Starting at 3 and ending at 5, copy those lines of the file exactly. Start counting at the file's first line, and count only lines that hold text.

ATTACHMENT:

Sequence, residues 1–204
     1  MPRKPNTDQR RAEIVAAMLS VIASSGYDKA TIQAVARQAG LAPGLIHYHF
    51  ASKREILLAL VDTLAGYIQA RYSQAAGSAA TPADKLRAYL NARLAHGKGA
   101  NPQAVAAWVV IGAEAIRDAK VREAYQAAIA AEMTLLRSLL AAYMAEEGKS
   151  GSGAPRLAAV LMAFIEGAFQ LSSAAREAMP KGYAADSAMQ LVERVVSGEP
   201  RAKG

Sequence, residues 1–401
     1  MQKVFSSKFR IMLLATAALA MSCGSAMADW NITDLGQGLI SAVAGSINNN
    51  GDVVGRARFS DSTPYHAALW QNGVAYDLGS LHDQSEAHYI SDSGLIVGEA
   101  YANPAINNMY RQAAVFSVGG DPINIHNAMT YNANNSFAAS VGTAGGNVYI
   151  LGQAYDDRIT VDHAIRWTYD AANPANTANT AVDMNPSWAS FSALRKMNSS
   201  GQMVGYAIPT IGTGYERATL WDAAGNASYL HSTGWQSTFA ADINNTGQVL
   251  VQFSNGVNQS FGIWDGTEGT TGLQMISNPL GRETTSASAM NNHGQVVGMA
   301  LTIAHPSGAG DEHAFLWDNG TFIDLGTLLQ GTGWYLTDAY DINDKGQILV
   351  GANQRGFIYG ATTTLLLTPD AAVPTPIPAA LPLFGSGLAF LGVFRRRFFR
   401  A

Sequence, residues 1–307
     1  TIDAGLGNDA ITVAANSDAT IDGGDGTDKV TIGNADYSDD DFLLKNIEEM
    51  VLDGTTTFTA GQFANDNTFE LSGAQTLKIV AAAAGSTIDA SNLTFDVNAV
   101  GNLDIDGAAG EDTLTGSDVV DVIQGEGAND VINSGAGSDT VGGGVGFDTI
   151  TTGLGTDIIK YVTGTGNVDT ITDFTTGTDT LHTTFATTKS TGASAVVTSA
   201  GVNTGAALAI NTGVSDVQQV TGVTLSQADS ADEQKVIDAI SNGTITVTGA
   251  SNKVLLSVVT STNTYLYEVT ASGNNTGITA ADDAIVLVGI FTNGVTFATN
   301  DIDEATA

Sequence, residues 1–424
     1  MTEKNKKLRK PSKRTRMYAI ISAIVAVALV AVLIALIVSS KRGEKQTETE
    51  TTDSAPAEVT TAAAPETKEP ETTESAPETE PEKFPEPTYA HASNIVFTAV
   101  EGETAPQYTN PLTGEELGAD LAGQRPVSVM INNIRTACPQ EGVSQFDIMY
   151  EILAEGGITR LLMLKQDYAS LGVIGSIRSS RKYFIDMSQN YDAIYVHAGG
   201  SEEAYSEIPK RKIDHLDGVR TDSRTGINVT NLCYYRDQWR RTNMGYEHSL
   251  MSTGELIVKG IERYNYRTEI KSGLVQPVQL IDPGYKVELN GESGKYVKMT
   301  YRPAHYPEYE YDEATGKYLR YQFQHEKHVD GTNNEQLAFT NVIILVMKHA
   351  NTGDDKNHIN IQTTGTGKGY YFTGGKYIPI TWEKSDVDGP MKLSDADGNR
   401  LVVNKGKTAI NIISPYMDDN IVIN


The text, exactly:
    51  ASKREILLAL VDTLAGYIQA RYSQAAGSAA TPADKLRAYL NARLAHGKGA
   101  NPQAVAAWVV IGAEAIRDAK VREAYQAAIA AEMTLLRSLL AAYMAEEGKS
   151  GSGAPRLAAV LMAFIEGAFQ LSSAAREAMP KGYAADSAMQ LVERVVSGEP